When Good Intentions, Bad Drafting and Regulatory Zeal Collide
The International Remittance regulations mandated by Section 1073 of the Dodd-Frank Act are once again under the regulatory spotlight. Yesterday was the deadline for submitting comments weighing in on CFPB’s proposal to delay the effective date of these regulations, which are currently slated to take effect on February 7th. It is widely expected that the effective date will be pushed back. You have until January 30th to weigh in on two proposed amendments to the remittance regulations. They are a step in the right direction, but don’t go far enough as currently drafted.
For those of you who don’t make 100 international electronic wire transfers a year of over $15 in value, you can breathe a sigh of relief as these regulations don’t apply to you. But for those of you unfortunate enough to have to comply with this regulation, my sympathies. In many respects, this provision of the Dodd-Frank Act embodies the best and worst of the regulatory reform effort we have seen since 2008.
First, the good intentions part. Congress passed section 1073 of the Dodd-Frank Act to help ensure that individuals who send international remittances electronically have protection against unscrupulous practices. Billions of dollars sent to countries like Mexico each year provide an important source of income for these countries. Before Dodd-Frank, there were no federal disclosure requirements, so, depending on the state from which you were sending money, you might have no way of knowing how much the transaction was going to cost you. New York, for example, has imposed disclosure requirements on money transmitters since at least 1979. As a result, section 1073 requires money transmitters, banks and credit unions to disclose in writing the amount of currency that will be received, the amount of transfer and other fees charged by the institution making the remittance transfer and a disclosure of the exchange rate to be used in making the transfer. The statute also requires the establishment of error resolution procedures that allow the sender to recoup mis-sent funds due to transmitter error.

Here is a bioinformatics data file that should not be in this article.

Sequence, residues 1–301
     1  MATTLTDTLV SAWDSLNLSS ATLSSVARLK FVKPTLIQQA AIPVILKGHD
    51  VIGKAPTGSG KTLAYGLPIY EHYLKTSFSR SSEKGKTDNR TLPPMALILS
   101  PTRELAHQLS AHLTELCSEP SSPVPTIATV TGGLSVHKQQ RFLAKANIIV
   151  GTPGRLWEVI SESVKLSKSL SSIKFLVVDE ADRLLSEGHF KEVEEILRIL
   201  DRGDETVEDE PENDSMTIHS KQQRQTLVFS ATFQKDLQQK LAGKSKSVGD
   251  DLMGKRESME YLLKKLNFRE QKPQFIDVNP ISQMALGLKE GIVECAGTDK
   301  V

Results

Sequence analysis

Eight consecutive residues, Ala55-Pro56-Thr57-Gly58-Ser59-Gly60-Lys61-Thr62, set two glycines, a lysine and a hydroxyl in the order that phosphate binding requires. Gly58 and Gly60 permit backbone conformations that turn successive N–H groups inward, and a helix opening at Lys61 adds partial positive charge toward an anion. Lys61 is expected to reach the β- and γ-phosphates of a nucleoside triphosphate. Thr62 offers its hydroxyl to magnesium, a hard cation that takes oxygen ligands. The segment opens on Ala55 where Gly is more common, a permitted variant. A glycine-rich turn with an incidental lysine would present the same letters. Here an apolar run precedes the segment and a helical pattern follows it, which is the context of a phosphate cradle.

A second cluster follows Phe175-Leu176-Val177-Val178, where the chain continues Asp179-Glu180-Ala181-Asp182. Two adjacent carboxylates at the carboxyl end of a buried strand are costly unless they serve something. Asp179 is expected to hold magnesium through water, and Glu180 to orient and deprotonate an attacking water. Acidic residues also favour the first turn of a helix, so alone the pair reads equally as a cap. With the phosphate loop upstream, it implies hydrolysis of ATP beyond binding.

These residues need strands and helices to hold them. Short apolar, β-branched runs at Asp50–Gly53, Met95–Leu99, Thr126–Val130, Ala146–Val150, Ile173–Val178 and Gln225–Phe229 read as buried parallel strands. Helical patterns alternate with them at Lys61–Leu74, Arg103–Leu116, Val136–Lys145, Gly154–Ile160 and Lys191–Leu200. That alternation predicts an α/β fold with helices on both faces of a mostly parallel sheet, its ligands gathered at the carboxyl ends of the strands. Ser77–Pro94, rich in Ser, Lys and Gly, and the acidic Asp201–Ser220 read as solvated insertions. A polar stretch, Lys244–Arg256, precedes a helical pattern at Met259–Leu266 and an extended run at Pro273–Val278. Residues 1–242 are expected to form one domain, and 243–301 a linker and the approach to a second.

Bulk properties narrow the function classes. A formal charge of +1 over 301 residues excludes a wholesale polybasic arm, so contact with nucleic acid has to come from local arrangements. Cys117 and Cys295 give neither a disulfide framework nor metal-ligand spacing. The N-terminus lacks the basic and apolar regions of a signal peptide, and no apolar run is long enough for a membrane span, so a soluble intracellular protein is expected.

Here’s where the bad drafting comes in. Did Congress really intend to make providers of remittances responsible for disclosing the amount that will be received by the recipient, including all taxes and fees, many of which can be imposed by institutions with which a credit union has no formal relationship located in countries with their own unique taxes? The CFPB says the answer is yes and originally made the provider of the remittance transfer (your credit union) responsible for informing the member about all taxes and fees, even though they may have no way to know what they are. Congress arguably anticipated this delimma by allowing banks and credit unions to estimate such taxes and fees during a transition period, but such estimates are difficult to come by and put the estimator at a disadvantage since estimates will generally be higher than the actual cost of the transaction.
This brings us to the pending regulations. The CFPB is proposing to allow the provider of a transfer to only disclose the cost of any national taxes imposed by the country where the recipient of the transfer is located. For example, if you are sending Rubles to Moscow, you won’t have to know about any taxes imposed by that city. This is a step in the right direction, but a common sense application of the statute would mandate that institutions providing the remittance transfer to disclose only those taxes and fees imposed within the U.S. I bet you didn’t know that Congress considers you an expert on foreign tax law.
One other aspect of the statute is currently under consideration by the CFPB. Credit unions would not have to reimburse members for mistakenly sending a remittance to the wrong account when it is the sender who provided the wrong information. This seems like common sense but the same exception wouldn’t apply in situations where the member gives the right account number but provides the wrong institution name. The CFPB seems to be assuming that it is fairly easy for banks and credit unions to reverse transactions where no money was actually placed in an account. There may be some truth to this, but why not place some responsibility on the member who actually wants to make the transfer. Dare to dream.